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-   -   Dricor - Subflor question (http://www.diychatroom.com/f5/dricor-subflor-question-48626/)

mimmy_31 07-11-2009 12:59 PM

Dricor - Subflor question
 
Hello, we just moved into a new place. Its a Viceroy house built in 1975.
Its got a concrete basement with vinyl roll flooring. (cold)
Dry, and not damp.. but cold.

so.. i bought enough dricor to put a nice subflor in.. My first question is:

How do I know if the flooring has asbestos in it? It was built in 1975 are the chances that we're ok? I pulled some of it up already and boy is it tough.. i tried a heat gun on it but doesnt help much. The vinyl peals up with some work but the glue underneath is brown like light cardboard and takes some scraping to come up. Its not sticky at all.
The flooring is plaid brown.. (not heavy plaid like a kilt.. big 3 inch brown lines forming squares in design on it) Very typicaly in many basement houses i've seen.

Second question...
Can I just lay the darn stuff on top of the vinyl flooring. Only place that 'recommends' you.. is the Dricor or Subflor websites. They say they 'recommend' you to remove the vinyl.. but Home Depot, Home Hardware, or Kent have no clue.. they first said.. no you dont need to.. then you need to.. then some say they're not sure. Can anyone help!?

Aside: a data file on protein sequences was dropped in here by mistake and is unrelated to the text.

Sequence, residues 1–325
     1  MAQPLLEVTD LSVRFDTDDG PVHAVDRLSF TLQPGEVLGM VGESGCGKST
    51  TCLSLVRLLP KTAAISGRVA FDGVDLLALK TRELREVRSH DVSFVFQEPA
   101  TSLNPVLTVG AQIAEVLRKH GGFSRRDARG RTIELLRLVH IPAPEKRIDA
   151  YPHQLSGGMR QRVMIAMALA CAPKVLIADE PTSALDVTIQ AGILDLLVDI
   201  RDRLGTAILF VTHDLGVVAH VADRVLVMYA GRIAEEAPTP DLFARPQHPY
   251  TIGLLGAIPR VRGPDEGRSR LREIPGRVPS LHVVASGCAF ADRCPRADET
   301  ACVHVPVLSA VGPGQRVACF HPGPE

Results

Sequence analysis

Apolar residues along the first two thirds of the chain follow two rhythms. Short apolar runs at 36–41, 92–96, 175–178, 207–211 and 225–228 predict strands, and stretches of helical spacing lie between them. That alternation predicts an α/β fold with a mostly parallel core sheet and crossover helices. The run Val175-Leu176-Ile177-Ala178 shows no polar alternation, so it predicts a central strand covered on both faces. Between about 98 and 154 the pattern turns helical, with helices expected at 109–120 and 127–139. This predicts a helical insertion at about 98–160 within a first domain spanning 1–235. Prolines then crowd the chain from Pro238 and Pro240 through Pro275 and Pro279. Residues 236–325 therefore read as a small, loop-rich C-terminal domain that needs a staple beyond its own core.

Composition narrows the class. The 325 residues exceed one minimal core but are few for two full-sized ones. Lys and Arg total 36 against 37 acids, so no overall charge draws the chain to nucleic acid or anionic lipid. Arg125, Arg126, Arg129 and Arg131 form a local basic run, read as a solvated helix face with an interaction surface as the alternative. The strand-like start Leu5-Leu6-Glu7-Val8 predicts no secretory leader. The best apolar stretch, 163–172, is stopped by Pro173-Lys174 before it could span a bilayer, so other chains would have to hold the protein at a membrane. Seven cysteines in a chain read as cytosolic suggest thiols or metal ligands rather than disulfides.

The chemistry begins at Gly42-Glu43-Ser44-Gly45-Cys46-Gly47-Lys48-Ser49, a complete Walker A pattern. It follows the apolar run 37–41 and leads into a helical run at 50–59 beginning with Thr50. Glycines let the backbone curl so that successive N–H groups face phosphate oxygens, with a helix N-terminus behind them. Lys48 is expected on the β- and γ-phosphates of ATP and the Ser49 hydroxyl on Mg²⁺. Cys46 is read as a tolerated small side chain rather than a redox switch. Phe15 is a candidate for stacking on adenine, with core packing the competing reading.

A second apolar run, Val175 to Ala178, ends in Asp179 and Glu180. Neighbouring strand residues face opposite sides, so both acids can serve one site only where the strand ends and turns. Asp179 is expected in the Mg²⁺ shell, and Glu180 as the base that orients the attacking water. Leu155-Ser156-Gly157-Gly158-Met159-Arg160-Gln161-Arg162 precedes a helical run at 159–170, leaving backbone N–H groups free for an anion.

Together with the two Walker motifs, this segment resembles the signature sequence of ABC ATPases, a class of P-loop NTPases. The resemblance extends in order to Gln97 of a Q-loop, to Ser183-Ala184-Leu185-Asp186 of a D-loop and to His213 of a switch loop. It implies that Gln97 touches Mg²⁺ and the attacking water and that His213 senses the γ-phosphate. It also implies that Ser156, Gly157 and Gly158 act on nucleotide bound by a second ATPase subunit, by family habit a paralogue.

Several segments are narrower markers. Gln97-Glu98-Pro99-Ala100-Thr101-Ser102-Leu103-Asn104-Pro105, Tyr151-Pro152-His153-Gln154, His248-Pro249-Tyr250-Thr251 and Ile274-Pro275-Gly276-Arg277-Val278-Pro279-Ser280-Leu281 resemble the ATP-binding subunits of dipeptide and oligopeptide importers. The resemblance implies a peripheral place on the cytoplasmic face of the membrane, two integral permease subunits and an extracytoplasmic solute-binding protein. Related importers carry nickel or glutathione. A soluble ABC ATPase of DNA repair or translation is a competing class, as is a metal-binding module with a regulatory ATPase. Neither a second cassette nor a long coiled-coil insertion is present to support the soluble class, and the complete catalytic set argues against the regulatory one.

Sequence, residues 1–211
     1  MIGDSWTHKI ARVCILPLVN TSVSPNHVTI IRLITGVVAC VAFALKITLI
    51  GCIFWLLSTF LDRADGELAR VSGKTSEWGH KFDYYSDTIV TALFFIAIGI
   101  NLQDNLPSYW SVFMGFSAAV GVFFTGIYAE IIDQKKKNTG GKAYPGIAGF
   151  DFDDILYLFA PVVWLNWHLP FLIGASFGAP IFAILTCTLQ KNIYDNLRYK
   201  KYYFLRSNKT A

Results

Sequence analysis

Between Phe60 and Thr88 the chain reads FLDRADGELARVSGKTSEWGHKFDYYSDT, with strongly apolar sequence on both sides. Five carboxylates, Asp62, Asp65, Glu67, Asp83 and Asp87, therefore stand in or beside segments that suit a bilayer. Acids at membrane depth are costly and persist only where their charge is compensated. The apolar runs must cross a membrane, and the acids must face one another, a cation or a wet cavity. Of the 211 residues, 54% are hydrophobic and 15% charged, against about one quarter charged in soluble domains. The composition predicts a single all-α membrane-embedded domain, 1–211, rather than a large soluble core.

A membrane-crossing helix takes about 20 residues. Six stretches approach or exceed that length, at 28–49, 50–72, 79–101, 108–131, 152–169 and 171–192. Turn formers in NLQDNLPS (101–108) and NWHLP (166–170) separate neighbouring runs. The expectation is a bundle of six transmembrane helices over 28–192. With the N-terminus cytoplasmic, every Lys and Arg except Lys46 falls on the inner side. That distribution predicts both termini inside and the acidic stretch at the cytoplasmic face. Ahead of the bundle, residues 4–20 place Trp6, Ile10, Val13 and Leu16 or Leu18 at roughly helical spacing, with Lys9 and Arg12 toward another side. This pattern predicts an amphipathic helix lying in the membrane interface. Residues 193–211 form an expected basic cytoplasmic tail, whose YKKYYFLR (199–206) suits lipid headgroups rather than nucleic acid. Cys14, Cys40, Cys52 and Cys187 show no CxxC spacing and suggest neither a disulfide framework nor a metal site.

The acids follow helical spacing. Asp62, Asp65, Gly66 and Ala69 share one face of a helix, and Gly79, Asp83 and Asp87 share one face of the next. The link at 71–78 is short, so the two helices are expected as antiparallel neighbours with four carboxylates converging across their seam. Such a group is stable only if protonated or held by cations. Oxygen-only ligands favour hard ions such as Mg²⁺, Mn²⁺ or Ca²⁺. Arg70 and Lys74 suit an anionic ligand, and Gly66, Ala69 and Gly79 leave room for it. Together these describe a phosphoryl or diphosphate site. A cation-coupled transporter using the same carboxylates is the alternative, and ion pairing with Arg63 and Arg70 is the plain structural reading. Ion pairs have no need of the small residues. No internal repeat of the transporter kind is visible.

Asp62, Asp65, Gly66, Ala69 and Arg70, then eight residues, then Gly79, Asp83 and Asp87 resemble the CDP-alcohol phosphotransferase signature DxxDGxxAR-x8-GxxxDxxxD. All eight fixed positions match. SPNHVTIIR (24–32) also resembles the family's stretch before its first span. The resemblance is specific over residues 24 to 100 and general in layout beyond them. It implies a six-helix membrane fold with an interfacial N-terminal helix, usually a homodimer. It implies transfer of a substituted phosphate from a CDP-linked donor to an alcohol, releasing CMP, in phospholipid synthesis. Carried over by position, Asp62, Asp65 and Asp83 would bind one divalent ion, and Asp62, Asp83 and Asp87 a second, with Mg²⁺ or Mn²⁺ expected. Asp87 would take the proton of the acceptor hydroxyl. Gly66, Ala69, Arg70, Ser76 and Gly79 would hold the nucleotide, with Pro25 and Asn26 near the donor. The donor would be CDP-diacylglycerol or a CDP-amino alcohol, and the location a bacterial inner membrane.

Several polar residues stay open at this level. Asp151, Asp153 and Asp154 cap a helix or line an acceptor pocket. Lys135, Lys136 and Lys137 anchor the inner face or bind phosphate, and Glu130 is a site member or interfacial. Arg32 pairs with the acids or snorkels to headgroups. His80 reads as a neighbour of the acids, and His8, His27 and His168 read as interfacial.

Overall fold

Thanks!

Adam

mimmy_31 07-12-2009 11:28 AM

No one knows?
 
No one knows anything about this? No one ever installed Dricor or Subflor here?

CyFree 07-13-2009 11:11 AM

I have no experience with that particular product but with a product that was built with a similar concept.

Usually, when you buy a product and expect it to perform as advertised, you follow manufacturer's recommendations. If the product under performs they are liable. Other than that they will say it is your fault as you did not follow their recommendation.

The concept behind a product like Dricore, is that it is built to allow the moisture that seeps through the slab to evaporate into the basement. The surface is raised from the floor, which allows moisture and air to circulate, creating an insulation pocket as well. Your floors will be warmer to the touch.

When you add the vinyl which is in itself somewhat or completely impervious to water, you have a vapor barrier, in other words something that traps the moisture underneath, thus defeating the very purpose of installing something like the Dricore, unless all you are looking for is a slightly warmer walking surface.

To remove the vinyl and the adhesive more easily, buy a heavy duty orange oil based solvent, usually available in hardware stores by a number of brand names like Zenex and DeSolv-it Pro.


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